huanchaco, outside trujillo

temperature: 19 C / 66 F
elevation: sea level

We spent several hours at the Lima airport, then flew to Trujillo. On the flight, they showed a tourism video - once again with volume on, no headphones. What´s with this country that they think we want sound and entertainment at every moment of our day? How very Estados Unidos of them. Annoying.

We opted not to stay in Trujillo. It´s Peru´s third-largest city, the capital of this departmente (state or province) and we already know what large cities look like here. Huanchaco is a little seaside resort and fishing village, said to be Peru´s best beach, quiet in the off-season and even closer to the sites we want to see.

People come to the north coast of Peru for the beaches, especially surfing. The season ends in mid-April; this is the beginning of winter. That´s perfect for us. We´re not beach people but we love the ocean in autumn or winter. We´re staying a few days for R&R: ruins and relaxation.

Our cab from the airport was our first truly nasty experience with people in Peru. (I´m not counting Peru Rail or Peru Bus as a person.) Before we even left the airport, the driver became menacing, telling us we had to pay double the agreed-upon price "because you have money", and demanding we pay up-front. We grabbed our luggage and hustled out of the cab, over his protestations that no, amigos, it´s ok, the first price is enough.

In the long line of cabs waiting to leave the airport, we spotted one without passengers. The young driver warmly welcomed us to Trujillo and made funny conversation with me on the way to Huanchaco. He told us (en espaƱol), that some drivers will raise the price when they hear you speak English, but he does not, because he believes all people are the same. You know I´m happy now. Also, he says, the world will turn, and they will get theirs. Ah yes. If only.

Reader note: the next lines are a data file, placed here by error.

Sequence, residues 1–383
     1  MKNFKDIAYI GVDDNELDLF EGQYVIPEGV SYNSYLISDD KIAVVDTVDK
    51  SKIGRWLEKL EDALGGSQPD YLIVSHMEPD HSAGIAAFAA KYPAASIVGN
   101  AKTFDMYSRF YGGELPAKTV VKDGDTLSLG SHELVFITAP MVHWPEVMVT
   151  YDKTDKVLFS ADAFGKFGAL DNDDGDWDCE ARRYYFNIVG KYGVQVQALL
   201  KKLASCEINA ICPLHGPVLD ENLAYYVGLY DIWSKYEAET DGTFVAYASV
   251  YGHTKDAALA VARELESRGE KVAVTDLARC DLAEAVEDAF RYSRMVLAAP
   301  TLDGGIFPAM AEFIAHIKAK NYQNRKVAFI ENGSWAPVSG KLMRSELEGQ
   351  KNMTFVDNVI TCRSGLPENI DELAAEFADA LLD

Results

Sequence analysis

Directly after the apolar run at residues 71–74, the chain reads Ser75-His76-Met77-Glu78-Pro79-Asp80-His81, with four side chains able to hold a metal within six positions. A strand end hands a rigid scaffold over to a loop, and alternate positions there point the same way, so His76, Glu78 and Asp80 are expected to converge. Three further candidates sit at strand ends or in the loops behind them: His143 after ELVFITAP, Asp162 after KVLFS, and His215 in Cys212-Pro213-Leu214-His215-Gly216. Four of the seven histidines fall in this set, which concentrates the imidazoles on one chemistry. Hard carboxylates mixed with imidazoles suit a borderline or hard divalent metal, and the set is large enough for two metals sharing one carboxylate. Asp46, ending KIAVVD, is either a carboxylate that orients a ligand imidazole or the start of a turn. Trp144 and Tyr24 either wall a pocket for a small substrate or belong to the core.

The hotel we chose from the guidebook turned out to be great. It´s a 10-minute walk out of town, along the main street, which runs right along the beach. The hotel is across the road from the beach, with rooms built on terraces. Our room has a full ocean view, and a little front patio with a plastic table and chairs. Below, there´s a pool surrounded by a tropical garden, a big hutch where some parrots live, a welcoming staff (including a lavanderia, which we were desperate for), and a beautiful, blind German Shepherd. As it´s off-season and we´re staying several nights, we got a room with a view at the price of one without.

After arriving, we walked into town and had dinner at a good restaurant. Finally, ceviche! Ceviche (pronounced seh-vee-chay or seh-bee-chay) is the best-known Peruvian food: marinated seafood. It´s not quite sushi, as the acidic marinate "cooks" the fish, but it´s not cooked with heat.

I love seafood, and I was dying to eat this, but I was waiting until we were on the coast, and also waiting for a place that looked clean and healthy. Amazingly, we have seen ceviche sold from buckets - the kind that once held cement or gravel - in the hot sun. No gracias, I don´t need to report on the state of Peruvian hospitals, or come home with permanent liver damage. So finally, last night, a big plate of ceviche and a bottle of Chilean wine, then another bottle on our little patio. Ahhh.

This morning we walked into the little town in search of an internet shop. It looks like an off-season seaside and fishing town anywhere. The beachside outdoor bars are closed for the season, but dozens of little shops and restaurants are open with discounted prices. There are some huge, gorgeous homes right on the main drag, overlooking the water, that appear to be locked up, undoubtedly beach homes. They are the first signs of wealth we´ve seen in Peru.

In the shallow water near the beach, women with nets are wading in the water, gathering shellfish; some gatherers wear wet suits and snorkels. The town is known for its totora, cigar-shaped reed boats which look a little like the ones we saw on Lake Titicaca. These, however, are hollow, and ridden high in the water, using a double-sided paddle, somewhat like a kayak. Because the fishermen ride on the boats rather than in them, the boats are called caballitos, little horses. People have been fishing from these boats for at least 2,500 years. We see them stacked up, vertically, on the beach. Men sit on the sea wall repairing their nets.

This is a quiet, easy-going town, just what we needed. Today we´re just hanging. Tomorrow we´ll visit the sites of Chan Chan, and El Huaca del Sol y la Luna.

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Back in our home and native land, Cody is having a grand time, going on hikes, having play dates and in general getting tons of attention and exercise. Hooray for Ellen the Dogsitter!